Journal of Forensic Dental Sciences

ORIGINAL ARTICLE
Year
: 2014  |  Volume : 6  |  Issue : 1  |  Page : 51--57

Expression of Carabelli trait in children from Southern India - A cross sectional study


Rekhalakshmi Kamatham, Sivakumar Nuvvula 
 Department of Pedodontics and Preventive Dentistry, Narayana Dental College, Nellore, Andhra Pradesh, India

Correspondence Address:
Rekhalakshmi Kamatham
Department of Pedodontics and Preventive Dentistry, Narayana Dental College, Nellore - 524 003, Andhra Pradesh
India

Abstract

Background: The distribution of the Carabelli trait is highly variable in different regions and races of the world. Objective: To determine the prevalence of Carabelli trait in a group of children from Nellore. Materials and Methods: Children who attended the department between October 2011 to March 2012 were selected and examined for the expression of Carabelli trait in the maxillary primary second molar, permanent first and permanent second molars on the basis of the classification developed by Kraus and standards developed by Dahlberg. Statistical Methods: Descriptive statistics was performed and the relative frequency of expression in each category, according to Kraus«SQ»s and Dahlberg«SQ»s classification was calculated. Sexual dimorphism was statistically analyzed using Mann­-Whitney U-test. Results: A total of 89.8% of primary second molars, 63.7% of permanent first molars, and 8% of permanent second molars showed some form of expression of Carabelli trait in the target population. Conclusion: Though there was a high frequency of intermediate expressions of this trait, occurrence of a definite cusp of Carabelli on the primary maxillary second molar and permanent maxillary first molar was relatively infrequent. A high percentage of the permanent maxillary second molars showed complete absence of Carabelli trait and there was no sexual dimorphism. Bilateralism with varying degrees of asymmetry was noted and there was tendency for concordance between the two sides but not within individual sides.



How to cite this article:
Kamatham R, Nuvvula S. Expression of Carabelli trait in children from Southern India - A cross sectional study.J Forensic Dent Sci 2014;6:51-57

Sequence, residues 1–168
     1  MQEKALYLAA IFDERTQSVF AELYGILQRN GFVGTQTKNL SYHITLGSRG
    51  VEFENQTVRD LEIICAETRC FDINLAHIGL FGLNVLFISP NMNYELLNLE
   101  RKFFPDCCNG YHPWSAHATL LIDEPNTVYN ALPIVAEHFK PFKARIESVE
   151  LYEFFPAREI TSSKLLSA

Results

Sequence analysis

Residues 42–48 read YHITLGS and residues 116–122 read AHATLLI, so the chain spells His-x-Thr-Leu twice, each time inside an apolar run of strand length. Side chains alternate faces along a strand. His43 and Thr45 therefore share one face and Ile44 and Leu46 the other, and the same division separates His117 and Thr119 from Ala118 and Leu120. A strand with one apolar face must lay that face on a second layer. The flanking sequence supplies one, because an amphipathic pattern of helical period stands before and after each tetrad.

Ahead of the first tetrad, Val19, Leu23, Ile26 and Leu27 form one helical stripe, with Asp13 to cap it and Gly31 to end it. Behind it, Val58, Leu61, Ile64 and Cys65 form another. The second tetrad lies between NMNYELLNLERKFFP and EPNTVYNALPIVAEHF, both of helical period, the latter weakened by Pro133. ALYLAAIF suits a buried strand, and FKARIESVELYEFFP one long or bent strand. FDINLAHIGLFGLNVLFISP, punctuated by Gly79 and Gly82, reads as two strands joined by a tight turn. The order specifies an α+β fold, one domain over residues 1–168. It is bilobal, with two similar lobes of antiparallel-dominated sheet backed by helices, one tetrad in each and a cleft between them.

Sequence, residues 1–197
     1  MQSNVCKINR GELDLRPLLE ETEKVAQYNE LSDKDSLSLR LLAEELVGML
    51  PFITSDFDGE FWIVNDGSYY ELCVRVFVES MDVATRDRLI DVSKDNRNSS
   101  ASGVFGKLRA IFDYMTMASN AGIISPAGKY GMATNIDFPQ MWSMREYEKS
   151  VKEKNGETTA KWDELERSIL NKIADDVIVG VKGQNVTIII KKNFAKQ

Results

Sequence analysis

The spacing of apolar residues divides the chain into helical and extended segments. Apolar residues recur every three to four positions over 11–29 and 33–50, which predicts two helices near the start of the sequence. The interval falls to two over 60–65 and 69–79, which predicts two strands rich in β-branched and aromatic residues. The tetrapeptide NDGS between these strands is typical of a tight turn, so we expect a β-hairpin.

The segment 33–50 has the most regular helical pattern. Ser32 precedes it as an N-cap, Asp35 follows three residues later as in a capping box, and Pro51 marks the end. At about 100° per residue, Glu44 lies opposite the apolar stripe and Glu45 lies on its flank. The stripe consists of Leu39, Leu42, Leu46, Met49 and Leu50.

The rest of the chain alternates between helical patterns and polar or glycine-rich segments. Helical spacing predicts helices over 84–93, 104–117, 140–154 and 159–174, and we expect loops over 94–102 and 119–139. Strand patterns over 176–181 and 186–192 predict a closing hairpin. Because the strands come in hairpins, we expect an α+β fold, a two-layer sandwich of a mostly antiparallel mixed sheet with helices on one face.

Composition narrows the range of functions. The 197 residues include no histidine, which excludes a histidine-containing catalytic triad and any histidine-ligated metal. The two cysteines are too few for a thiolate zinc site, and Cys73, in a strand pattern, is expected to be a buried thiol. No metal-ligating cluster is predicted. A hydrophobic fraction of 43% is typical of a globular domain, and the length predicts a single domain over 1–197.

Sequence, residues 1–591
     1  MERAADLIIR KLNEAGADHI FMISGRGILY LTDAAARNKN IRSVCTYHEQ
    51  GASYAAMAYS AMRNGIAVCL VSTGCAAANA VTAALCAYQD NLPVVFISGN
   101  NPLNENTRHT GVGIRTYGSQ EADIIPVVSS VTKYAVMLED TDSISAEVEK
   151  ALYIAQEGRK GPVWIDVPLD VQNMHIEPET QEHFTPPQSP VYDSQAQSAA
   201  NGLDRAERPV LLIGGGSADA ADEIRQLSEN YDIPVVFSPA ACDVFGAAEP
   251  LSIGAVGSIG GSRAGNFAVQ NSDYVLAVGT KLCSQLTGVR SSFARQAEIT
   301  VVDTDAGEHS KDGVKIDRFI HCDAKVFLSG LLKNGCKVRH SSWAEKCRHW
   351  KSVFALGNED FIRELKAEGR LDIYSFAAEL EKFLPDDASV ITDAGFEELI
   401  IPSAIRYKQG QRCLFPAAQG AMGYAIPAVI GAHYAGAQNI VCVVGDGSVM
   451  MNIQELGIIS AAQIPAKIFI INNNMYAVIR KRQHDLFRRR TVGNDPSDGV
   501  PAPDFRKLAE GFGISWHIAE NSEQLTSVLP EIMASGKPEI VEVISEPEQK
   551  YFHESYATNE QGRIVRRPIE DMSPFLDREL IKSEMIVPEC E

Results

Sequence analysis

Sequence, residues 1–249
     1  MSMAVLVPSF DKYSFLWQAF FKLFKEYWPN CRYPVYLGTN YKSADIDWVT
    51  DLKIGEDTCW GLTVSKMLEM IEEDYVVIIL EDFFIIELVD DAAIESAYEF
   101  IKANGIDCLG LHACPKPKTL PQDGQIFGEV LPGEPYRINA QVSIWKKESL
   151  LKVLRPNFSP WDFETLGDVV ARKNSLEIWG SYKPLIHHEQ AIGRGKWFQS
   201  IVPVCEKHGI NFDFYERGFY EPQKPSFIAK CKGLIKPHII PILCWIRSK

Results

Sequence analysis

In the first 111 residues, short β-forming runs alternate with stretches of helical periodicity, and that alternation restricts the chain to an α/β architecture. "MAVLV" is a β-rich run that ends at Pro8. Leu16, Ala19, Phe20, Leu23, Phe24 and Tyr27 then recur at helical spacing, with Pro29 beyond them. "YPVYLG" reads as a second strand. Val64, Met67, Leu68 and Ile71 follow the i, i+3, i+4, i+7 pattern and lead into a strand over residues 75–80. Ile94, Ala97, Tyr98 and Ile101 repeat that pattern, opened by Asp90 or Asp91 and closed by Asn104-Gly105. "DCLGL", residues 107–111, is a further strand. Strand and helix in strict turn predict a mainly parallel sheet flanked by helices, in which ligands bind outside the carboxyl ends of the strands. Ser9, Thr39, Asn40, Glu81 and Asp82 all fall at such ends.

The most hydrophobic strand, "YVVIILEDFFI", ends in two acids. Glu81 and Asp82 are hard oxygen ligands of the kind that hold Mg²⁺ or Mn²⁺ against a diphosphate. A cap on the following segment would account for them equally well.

How to cite this URL:
Kamatham R, Nuvvula S. Expression of Carabelli trait in children from Southern India - A cross sectional study. J Forensic Dent Sci [serial online] 2014 [cited 2019 Nov 20 ];6:51-57
Available from: http://www.jfds.org/text.asp?2014/6/1/51/127772


Full Text

 Introduction



Human dentition is constantly changing in its form, size, and number. Morphological simplification is a general trend in the evolution of Hominoid dentition. Tooth size reductions, increased frequency of agenesis, and morphological generalizations are a part of it. Carabelli trait of maxillary molars is one such structure that is frequently considered in anthropological studies. [1],[2],[3],[4],[5],[6],[7],[8] Analyzing this trait is a good diagnostic tool, as some argue that Carabelli's trait is increasing in size and frequency to compensate for the overall loss of tooth material, [9],[10] while others opine that this trait is in the process of reduction and simplification. [11],[12] This debate and the wide morphological variations make it an important study subject and this trait has got its role in anthropological studies and those related to Forensic dentistry.

To determine the distribution of this trait, various investigations have been carried out. As the investigators did not use the same criteria, it is not possible to compare all the studies, but, we attempted a generalized correlation of the existing literature [13],[14],[15],[16],[17],[18],[19],[20],[21],[22],[23],[24],[25],[26],[27],[28],[29],[30],[31],[32],[33],[34],[35],[36],[37],[38],[39],[40],[41] [Table 1].{Table 1}